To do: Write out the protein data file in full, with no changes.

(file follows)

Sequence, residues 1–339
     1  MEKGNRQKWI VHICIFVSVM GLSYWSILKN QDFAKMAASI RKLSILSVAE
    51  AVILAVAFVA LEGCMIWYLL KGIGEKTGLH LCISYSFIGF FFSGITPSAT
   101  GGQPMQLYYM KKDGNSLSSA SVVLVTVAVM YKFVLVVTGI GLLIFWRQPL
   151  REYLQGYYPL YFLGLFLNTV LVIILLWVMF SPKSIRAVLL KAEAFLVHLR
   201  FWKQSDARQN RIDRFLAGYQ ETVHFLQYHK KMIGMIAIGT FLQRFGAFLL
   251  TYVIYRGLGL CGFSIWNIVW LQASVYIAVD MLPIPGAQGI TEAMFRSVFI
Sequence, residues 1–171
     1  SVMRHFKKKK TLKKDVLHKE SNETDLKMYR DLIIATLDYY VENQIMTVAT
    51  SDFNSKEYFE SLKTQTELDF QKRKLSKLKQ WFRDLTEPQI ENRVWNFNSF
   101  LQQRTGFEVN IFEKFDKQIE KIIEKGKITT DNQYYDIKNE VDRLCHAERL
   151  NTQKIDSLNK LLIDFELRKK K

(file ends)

Sequence, residues 1–339
     1  MEKGNRQKWI VHICIFVSVM GLSYWSILKN QDFAKMAASI RKLSILSVAE
    51  AVILAVAFVA LEGCMIWYLL KGIGEKTGLH LCISYSFIGF FFSGITPSAT
   101  GGQPMQLYYM KKDGNSLSSA SVVLVTVAVM YKFVLVVTGI GLLIFWRQPL
   151  REYLQGYYPL YFLGLFLNTV LVIILLWVMF SPKSIRAVLL KAEAFLVHLR
   201  FWKQSDARQN RIDRFLAGYQ ETVHFLQYHK KMIGMIAIGT FLQRFGAFLL
   251  TYVIYRGLGL CGFSIWNIVW LQASVYIAVD MLPIPGAQGI TEAMFRSVFI
Sequence, residues 1–171
     1  SVMRHFKKKK TLKKDVLHKE SNETDLKMYR DLIIATLDYY VENQIMTVAT
    51  SDFNSKEYFE SLKTQTELDF QKRKLSKLKQ WFRDLTEPQI ENRVWNFNSF
   101  LQQRTGFEVN IFEKFDKQIE KIIEKGKITT DNQYYDIKNE VDRLCHAERL
   151  NTQKIDSLNK LLIDFELRKK K